Last summer I was fortunate enough to travel to Beijing for a scholarship at China’s highest-ranked university. It was fantastic to be accepted onto the Experiencing China summer programme at Tsinghua University, expenses paid. This opportunity was offered by my school (Arts, Languages and Cultures) here at the University of Manchester — I first saw about it in a general email and applied on a whim. When success followed I couldn’t believe my luck! Exams ended and I grew increasingly excited.Shirt and lanyard: it’s official – Photo: Jack Greeney
Then, disaster almost struck. Floods closed Visa Services for weeks: application pending, I feared the worst. Perhaps I should have anticipated July flooding, this being Manchester. Luckily I collected my passport the morning of departure; three flights later, I arrived in China. Exhausted, rattled by time zone and temperate, I found my hostel and crashed. Waking at night, I caught the subway to the Forbidden Palace gateway, lit up in the darkness. China was right in front of me, and it was stunning.Gateway of the Forbidden City – Photo: Jack Greeney
The next morning I hauled my suitcase through the subways to the university. The campus was huge, surely larger than my hometown. Its beauty and scale left me awed and lost. Eventually I checked into my halls bedroom and unpacked. The first few days were extremely social, packed with fellow coursemates to meet. A wonderful atmosphere flourished, welcoming and talkative: everyone made lasting friendships with exceptional quickness and ease.Basketball in the warm evenings – Photo: Jack Greeney
During the week, morning sessions featured lectures from an array of world-class keynote speakers presenting a variety of topics, with a focus on China: environment, education, history, culture, economy, governance and relations. After lunches, we went out into the city in groups with a guide. Three friends and I chose to investigate galleries. This was an excellent decision, enabling us to visit world-class art areas such as the 798 Zone and Today Art Gallery.Around and about the galleries – Photo: Jack Greeney
Over the course, we drew up coherent plans on how to improve the areas. On the final day we presented our ideas in speeches to hundreds, and later with huge posters in an expo hall. In addition, we were instructed to write a poem (which I presented, only narrowly surviving near-fatal stage-fright) and create a human structure (which flopped, but at least I wasn’t in charge). Afterwards there was a wonderful gala dinner and ball for everyone, which was hugely enjoyed: and so too its wine.Group Photo at the Gala – Photo: Jack Greeney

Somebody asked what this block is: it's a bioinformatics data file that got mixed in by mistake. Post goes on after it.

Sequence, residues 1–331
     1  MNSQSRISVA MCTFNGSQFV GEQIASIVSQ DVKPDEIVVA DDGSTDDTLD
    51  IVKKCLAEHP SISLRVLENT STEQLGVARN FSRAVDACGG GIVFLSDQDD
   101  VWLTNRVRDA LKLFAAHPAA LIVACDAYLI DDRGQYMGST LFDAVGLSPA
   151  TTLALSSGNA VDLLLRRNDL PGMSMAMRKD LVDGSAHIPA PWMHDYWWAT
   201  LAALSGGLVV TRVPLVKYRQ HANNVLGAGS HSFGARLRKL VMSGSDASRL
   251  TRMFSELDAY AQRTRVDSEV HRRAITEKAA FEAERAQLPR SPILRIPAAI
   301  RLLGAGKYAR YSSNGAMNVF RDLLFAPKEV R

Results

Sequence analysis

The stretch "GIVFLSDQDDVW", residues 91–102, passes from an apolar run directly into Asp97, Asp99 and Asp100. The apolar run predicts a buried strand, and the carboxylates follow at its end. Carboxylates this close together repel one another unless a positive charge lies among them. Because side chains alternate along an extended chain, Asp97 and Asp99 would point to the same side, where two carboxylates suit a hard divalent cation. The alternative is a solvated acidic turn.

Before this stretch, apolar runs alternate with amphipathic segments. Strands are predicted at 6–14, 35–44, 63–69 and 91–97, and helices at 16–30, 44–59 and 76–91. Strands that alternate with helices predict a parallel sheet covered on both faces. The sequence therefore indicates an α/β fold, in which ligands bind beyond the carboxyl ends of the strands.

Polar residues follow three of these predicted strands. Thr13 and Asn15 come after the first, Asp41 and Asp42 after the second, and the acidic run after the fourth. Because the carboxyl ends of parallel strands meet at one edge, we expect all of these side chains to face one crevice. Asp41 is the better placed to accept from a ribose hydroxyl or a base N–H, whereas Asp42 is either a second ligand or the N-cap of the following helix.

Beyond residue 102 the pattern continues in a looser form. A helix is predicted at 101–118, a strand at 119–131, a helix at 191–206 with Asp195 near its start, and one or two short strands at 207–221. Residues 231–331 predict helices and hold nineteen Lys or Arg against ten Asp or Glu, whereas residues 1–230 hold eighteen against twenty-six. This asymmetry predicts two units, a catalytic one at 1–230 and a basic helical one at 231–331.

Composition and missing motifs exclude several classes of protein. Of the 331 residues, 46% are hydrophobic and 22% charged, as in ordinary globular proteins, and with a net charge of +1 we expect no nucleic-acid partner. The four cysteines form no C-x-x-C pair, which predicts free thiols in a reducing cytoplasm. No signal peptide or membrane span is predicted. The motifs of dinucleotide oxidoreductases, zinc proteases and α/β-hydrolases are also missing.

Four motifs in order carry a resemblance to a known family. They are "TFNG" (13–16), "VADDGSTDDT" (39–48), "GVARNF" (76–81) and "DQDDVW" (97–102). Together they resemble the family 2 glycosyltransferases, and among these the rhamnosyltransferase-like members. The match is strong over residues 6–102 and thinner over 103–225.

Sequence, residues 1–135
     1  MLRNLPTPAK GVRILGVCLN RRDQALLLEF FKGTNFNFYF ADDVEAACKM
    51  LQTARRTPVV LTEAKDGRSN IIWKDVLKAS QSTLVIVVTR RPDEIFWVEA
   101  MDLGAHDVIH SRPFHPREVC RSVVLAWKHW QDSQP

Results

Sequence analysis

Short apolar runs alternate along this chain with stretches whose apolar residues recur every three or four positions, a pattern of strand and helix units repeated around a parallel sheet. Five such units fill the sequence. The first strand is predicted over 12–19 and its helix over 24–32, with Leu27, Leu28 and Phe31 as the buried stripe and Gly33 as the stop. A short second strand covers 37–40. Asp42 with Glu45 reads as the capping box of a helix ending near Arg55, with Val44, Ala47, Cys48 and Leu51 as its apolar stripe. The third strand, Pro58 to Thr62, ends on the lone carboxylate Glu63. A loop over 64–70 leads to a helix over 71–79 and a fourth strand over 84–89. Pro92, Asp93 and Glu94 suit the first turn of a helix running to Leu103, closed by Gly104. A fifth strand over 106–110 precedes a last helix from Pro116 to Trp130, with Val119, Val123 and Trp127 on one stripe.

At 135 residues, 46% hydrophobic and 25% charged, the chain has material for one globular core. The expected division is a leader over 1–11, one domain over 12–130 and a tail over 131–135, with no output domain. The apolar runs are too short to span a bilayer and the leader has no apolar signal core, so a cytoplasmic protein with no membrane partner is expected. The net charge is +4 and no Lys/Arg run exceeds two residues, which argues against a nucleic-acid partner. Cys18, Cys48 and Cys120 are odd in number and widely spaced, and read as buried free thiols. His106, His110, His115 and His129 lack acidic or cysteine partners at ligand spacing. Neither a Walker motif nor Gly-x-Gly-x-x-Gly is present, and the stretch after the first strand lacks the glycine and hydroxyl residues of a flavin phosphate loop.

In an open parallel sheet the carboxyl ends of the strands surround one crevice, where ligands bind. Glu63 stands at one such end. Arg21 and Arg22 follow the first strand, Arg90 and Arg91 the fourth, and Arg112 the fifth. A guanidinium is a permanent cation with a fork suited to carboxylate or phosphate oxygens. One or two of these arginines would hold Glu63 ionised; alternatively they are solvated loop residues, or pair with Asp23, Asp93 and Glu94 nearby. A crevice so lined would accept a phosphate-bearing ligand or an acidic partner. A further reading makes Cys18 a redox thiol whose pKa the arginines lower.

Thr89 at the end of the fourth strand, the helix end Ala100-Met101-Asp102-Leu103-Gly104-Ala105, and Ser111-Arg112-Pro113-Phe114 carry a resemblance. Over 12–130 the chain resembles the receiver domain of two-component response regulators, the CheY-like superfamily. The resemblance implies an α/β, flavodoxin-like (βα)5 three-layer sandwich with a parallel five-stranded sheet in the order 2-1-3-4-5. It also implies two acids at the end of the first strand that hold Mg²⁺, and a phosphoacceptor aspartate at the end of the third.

Learning was only half the experience, however. Plenty of activities were set up, like basketball, language learning, and Tai-chi. Many evenings we ventured out to see famous landmarks of Beijing and the traditional hutong; others we would stuff ourselves full of delicious Chinese food and picnic out on the athletics field all night in the warmth. During weekends, the university provided incredible bucket-list-defeating trips: the Great Wall of China, Olympic Stadium, Temple of Heaven and extraordinary traditional performances at Lao She Tea House amongst them.The Great Wall of China – Photo: Jack Greeney
The morning after the final day, my best friends and I woke up far too early in the morning (a wincing 4am start) to go and see the sunrise flag-raising at Tiananmen Square. It was incredible to end my stay in Beijing where it had begun, outside the Forbidden City gateway, surrounded by new friends. In this instance, the words ‘life-changing’ are no cliché. Memories from this time I shall permanently cherish and yearn for once again. Our group is set to reunite this summer.Who knew Mao’s so photogenic? – Photo: Jack Greeney
I highly recommend keeping an eye on your university inbox for anything that might crop up. As it was for me, it might well be fruitful. China was certainly experienced — and China was incredible.